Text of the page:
Gloria Bouknight, at 20 years old, and at 74 in 2015. While living in New York City, she discovered the Congress of Racial Equality, or CORE, on a visit to Harlem, and became an active member. Since then, she started a business representing European designers in the United States, and she now works as a wardrobe consultant for executive women. Credit Courtesy of the Mississippi Department of Archives and History; Eric Etheridge. Featured Image
For seven months in 1961, hundreds of black and white volunteers descended on Southern bus and train stations. These Freedom Riders, as they were called, occupied segregated waiting areas, lunch counters, and restrooms in an attempt to compel the federal government to do what local authorities would not: enforce a U.S. Supreme Court ruling that declared discrimination in interstate public transportation illegal.
During their first incursion into the Deep South, as they rode buses through Alabama, the Freedom Riders were met by angry mobs of white people. Many were savagely beaten. Later that month, in Jackson, Miss., hundreds of protesters were arrested and hastily convicted of breach of peace. Most endured six weeks of imprisonment in sweltering, filthy and vermin infested cells.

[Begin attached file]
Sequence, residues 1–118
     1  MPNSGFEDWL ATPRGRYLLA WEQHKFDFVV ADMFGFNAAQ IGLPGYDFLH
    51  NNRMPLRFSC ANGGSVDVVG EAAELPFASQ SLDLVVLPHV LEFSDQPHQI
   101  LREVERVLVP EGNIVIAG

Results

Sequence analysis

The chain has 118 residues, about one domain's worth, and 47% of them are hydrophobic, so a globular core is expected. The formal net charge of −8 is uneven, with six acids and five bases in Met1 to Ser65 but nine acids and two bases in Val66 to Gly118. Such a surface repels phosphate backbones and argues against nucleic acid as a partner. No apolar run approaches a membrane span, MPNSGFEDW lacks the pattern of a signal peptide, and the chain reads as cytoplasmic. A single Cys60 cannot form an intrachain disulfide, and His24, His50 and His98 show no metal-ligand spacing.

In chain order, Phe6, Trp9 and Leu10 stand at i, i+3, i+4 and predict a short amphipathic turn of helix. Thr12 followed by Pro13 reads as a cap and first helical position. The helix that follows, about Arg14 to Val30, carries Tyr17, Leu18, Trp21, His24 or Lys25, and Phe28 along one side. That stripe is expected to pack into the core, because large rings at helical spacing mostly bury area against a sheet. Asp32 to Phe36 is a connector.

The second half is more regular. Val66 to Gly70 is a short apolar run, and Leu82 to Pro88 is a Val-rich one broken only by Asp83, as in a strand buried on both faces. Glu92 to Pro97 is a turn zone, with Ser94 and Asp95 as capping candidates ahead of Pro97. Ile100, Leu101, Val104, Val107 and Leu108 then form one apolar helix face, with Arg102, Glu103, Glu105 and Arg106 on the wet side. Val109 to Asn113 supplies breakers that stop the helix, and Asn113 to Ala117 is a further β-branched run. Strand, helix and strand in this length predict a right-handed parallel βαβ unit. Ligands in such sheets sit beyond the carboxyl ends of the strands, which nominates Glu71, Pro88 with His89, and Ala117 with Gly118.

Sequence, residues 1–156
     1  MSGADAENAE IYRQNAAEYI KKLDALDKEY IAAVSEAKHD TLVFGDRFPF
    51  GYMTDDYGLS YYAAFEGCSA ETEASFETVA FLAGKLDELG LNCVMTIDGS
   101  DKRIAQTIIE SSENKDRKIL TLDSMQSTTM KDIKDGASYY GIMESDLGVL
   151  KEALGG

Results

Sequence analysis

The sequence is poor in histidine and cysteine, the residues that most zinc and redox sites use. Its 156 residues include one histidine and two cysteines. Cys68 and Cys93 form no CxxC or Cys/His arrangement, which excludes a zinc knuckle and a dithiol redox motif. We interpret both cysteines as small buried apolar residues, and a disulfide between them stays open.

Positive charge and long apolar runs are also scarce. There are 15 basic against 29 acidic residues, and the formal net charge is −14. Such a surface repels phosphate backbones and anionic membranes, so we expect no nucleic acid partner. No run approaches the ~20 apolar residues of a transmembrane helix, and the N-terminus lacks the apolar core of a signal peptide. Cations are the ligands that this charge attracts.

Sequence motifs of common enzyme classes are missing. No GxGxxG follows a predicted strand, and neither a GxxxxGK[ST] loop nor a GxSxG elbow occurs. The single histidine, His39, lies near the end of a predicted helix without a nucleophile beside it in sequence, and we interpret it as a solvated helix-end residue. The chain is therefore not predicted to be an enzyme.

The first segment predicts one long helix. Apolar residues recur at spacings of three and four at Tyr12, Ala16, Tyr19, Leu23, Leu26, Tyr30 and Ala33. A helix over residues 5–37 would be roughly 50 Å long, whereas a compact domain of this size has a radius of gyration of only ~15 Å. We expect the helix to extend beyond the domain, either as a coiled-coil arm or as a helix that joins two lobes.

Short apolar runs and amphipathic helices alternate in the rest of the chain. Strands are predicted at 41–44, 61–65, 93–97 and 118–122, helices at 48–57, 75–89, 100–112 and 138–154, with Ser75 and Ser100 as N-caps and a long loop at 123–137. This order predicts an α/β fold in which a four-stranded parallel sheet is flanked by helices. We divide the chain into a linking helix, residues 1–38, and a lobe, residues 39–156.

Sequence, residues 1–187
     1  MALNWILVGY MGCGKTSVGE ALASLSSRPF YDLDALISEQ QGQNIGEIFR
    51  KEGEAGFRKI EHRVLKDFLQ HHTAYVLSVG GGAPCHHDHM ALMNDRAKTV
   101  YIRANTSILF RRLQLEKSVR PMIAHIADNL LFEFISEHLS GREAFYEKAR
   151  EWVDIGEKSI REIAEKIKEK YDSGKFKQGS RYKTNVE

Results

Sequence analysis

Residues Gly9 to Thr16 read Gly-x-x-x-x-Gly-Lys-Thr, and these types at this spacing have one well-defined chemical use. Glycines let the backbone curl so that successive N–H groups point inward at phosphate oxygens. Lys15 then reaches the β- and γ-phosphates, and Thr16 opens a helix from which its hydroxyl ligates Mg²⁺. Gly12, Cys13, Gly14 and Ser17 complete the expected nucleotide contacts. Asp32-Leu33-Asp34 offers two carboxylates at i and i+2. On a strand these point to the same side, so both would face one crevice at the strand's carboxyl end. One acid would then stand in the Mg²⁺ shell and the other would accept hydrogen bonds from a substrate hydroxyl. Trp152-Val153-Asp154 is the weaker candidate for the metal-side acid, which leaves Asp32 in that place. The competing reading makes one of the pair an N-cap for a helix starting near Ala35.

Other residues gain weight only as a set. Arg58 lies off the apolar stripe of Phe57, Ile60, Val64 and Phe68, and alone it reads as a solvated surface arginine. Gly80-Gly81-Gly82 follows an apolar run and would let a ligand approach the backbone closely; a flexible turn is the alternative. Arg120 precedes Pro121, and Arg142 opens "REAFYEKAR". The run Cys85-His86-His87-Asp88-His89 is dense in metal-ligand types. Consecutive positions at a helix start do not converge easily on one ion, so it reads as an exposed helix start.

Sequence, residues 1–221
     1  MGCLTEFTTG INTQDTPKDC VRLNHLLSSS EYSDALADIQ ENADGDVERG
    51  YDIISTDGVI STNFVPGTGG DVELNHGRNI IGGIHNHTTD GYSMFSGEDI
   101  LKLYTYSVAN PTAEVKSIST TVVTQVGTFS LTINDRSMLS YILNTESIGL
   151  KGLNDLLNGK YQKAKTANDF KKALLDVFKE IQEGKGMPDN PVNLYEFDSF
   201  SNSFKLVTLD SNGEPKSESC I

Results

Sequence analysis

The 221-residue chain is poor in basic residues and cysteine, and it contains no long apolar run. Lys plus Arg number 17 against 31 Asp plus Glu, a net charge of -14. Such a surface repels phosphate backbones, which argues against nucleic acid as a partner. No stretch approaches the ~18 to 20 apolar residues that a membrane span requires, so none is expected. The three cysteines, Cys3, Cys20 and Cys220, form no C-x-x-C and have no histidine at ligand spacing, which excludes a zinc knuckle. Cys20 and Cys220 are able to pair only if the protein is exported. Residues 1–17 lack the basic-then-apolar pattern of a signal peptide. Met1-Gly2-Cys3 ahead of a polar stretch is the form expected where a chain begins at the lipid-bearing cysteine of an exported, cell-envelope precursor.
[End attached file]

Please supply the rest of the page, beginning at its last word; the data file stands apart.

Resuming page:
Among the important artifacts of this historic campaign are more than 300 mug shots taken of the Freedom Riders in Jackson, now the subject of “Breach of Peace: Portraits of the 1961 Mississippi Freedom Riders” (Vanderbilt University Press). In it, the journalist and photographer Eric Etheridge provides visual and oral histories of these courageous men and women, juxtaposing vintage mug shots with short biographies, interviews and contemporary portraits. Originally published in 2008, this expanded edition, with updated profiles and additional portraits, includes essays by the writer Diane McWhorter and Roger Wilkins, the journalist and official in the Kennedy and Johnson administrations who died last year.